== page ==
retire their outdated equipment. It will help to keep
the environment, and your data, safe and secure!
Throughout the Northeast, New York City metro area, and
Mid-Atlantic region, Hurricane Sandy, also called
“Frankenstorm” for its Halloween appearance is creating
wide-spread and chronic problems for municipalities’ solid
waste collection and waste recycling efforts.
The appearance of a winter snow storm on the heels of the
hurricane is certain to continue to impact many communities
for at least another week as solid waste and recycling
services try to reach homes and businesses through the
on-going clean-up and power restoration efforts.
While many communities and waste recycling companies have
established plans and policies for handling storm conditions
and natural disasters, the strength of Hurricane Sandy and
level of destruction caught many by surprise. In coastal New
Jersey, one of the areas hardest hit by the storm, the
Jersey City Incinerator Authority has placed all garbage and
recycling collection on hold until further notice. Similar
reductions or temporary eliminations of service have also
occurred in Ocean City, Maryland and the New York City metro
Wants You to Remember: Does your business have an
emergency plan for material waste disposal and recycling for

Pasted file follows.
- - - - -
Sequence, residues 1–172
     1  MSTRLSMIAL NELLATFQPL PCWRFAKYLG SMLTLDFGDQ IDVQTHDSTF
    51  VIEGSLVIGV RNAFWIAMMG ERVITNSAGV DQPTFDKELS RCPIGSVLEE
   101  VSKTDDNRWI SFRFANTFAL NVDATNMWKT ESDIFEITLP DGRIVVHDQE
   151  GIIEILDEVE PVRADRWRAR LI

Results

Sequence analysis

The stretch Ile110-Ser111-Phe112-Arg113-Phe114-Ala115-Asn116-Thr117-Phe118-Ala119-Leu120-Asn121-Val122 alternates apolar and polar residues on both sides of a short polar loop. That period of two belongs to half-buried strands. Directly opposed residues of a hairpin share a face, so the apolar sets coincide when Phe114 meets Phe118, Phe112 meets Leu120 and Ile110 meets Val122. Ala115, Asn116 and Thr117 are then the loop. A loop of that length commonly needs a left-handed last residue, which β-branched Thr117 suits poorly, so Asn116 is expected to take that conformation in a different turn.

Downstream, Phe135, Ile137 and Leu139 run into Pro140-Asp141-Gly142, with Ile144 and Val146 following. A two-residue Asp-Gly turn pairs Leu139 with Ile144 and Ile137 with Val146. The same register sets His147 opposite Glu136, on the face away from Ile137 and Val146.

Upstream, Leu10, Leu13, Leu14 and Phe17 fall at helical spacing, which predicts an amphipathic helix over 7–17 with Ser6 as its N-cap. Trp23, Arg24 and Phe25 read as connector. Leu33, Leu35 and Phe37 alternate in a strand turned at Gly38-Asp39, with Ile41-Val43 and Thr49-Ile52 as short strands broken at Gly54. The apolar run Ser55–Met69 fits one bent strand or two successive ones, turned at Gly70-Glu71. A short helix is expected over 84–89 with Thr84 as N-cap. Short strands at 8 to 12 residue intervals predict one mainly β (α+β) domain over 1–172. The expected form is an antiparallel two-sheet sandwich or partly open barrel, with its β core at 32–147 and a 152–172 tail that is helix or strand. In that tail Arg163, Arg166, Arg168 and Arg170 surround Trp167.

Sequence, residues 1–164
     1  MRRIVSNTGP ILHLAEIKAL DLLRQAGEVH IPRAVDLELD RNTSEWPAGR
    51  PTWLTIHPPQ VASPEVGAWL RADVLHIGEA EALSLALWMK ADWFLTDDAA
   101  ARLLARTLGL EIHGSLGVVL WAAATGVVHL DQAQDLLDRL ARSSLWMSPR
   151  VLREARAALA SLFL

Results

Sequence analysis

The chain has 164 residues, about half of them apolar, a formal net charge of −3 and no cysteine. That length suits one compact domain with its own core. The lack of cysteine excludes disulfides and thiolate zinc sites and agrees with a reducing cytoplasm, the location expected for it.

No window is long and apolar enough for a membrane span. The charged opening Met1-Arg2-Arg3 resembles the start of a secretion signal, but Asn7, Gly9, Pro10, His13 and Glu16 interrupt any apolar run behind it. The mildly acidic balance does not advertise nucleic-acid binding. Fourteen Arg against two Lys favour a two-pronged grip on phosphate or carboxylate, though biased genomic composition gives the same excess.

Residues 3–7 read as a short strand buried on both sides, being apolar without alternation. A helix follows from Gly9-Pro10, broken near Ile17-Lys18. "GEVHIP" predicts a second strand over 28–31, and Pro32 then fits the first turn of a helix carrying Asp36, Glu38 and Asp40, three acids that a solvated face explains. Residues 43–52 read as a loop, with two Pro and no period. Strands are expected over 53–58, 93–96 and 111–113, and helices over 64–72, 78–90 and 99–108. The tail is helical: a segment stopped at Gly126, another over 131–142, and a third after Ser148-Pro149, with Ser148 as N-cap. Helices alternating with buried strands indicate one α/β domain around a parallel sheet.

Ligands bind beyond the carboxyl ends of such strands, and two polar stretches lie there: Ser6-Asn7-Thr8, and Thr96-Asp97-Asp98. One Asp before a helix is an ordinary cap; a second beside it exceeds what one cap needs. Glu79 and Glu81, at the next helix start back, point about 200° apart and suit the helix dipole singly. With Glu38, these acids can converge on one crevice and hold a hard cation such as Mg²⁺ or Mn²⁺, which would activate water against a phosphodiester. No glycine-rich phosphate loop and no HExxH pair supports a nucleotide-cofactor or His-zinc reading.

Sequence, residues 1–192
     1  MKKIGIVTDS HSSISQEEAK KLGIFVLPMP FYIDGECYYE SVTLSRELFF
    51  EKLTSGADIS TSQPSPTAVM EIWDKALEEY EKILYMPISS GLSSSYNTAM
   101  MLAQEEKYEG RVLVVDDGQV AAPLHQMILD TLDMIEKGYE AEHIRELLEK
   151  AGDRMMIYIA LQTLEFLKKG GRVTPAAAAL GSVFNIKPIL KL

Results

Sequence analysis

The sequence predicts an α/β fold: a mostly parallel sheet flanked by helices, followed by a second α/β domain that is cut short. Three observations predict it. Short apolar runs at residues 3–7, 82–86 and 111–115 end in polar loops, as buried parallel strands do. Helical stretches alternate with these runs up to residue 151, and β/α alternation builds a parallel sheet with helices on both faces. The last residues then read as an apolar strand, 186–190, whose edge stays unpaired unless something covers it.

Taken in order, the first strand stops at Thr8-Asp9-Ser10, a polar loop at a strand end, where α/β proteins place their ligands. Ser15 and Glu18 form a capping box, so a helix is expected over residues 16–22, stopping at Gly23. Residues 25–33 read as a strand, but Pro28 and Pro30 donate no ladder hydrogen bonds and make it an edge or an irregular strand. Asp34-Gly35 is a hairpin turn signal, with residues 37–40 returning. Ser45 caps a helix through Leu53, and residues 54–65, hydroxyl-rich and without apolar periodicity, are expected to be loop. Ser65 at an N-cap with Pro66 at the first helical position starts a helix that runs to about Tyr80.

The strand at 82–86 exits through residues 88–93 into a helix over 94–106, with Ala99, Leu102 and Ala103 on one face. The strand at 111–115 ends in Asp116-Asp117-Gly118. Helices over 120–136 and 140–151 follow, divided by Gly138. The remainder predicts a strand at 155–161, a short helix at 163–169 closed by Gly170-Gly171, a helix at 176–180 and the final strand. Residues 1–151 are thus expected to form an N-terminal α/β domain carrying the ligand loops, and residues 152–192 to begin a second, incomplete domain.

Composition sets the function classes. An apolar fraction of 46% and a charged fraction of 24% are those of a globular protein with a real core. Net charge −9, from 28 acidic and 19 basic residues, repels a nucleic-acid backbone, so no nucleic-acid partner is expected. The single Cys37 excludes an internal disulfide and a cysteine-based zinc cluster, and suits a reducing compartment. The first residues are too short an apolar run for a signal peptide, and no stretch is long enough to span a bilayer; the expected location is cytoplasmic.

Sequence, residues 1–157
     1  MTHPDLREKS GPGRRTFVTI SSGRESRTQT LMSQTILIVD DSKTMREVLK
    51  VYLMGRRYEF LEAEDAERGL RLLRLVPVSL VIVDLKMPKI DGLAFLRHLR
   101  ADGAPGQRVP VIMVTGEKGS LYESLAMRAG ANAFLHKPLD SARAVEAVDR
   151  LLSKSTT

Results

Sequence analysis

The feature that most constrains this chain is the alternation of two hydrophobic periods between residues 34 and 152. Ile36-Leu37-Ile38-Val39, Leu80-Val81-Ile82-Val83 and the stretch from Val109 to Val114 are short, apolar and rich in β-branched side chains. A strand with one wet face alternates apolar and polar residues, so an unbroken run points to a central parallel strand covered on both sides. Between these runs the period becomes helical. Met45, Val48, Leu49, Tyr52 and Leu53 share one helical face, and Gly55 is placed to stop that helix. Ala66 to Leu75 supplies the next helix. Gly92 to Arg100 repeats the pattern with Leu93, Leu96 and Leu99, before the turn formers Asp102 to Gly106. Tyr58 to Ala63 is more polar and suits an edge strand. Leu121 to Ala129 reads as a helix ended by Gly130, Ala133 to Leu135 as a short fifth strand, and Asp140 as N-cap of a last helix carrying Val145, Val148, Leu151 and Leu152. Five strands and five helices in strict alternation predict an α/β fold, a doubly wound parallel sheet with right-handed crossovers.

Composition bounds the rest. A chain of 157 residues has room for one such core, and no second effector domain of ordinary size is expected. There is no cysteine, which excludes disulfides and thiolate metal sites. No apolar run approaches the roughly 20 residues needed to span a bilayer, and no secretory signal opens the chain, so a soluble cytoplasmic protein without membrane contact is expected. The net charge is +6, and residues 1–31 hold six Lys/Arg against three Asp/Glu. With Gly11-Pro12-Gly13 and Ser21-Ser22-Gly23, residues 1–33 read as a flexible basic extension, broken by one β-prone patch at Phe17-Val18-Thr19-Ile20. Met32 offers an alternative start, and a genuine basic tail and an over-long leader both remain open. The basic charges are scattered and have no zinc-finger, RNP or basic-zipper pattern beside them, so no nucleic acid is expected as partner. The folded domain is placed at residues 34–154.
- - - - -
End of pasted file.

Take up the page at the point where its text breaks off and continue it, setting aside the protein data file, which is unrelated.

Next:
when a natural disaster hits? Simply letting garbage pile-up
outside a dumpster while waiting for return of service isn’t
always in your business’ best interest. What can you do to
reduce your waste output while service is interrupted?
Faerch Plast, a specialized packaging company, is in the
process of developing a new cPET plastic that can be
identified and separated in a waste stream of mixed plastics
by the use of infrared technology. Currently, infrared
cameras can identify the types of plastics but only when the
container is not black. Dark, opaque plastic doesn’t allow
light to shine through and thus cannot be detected.
This new formulation of cPET contains a different pigment
composition which allows some infrared light to be detected
by the camera regardless of the color of the container. The
company is currently testing the material in the United
Kingdom in the manufacturing of meal trays used in
cafeterias and for supermarket prepared foods. Stakeholders
in the food service and restaurant industries utilizing the
trays are excited about the possibility of reducing garbage
disposal costs due to the re-use of the cPET material for up
to three to four times before the quality degrades.
Faerch Plast believes it can manufacture the materials
and still maintain pricing that is neutral to other meal
tray options that require waste disposal instead of being
eligible for waste recycling.
WasteCare Wants You to Remember:
Research and development is always happening in the world of
plastics. When was the last time your business priced
options for switching to a green-friendly, recyclable
version of a routinely ordered supply? If you found it too
expensive before, you may want to check back regularly!
The Hilton Worldwide Hotel Chain recently announced that
it is launching a new material waste recycling program for
mattresses when new beds and box springs are installed at
The company has said that at on average, eighty five
percent of the materials used in the manufacturing of the
mattresses and box springs will be recycled and therefore
diverted from landfills. The steel springs will be removed
and sold as metal scrap for use in tools, construction
materials, and automotive parts. Wood will be recycled for
use in creating flooring, particle board for shelves and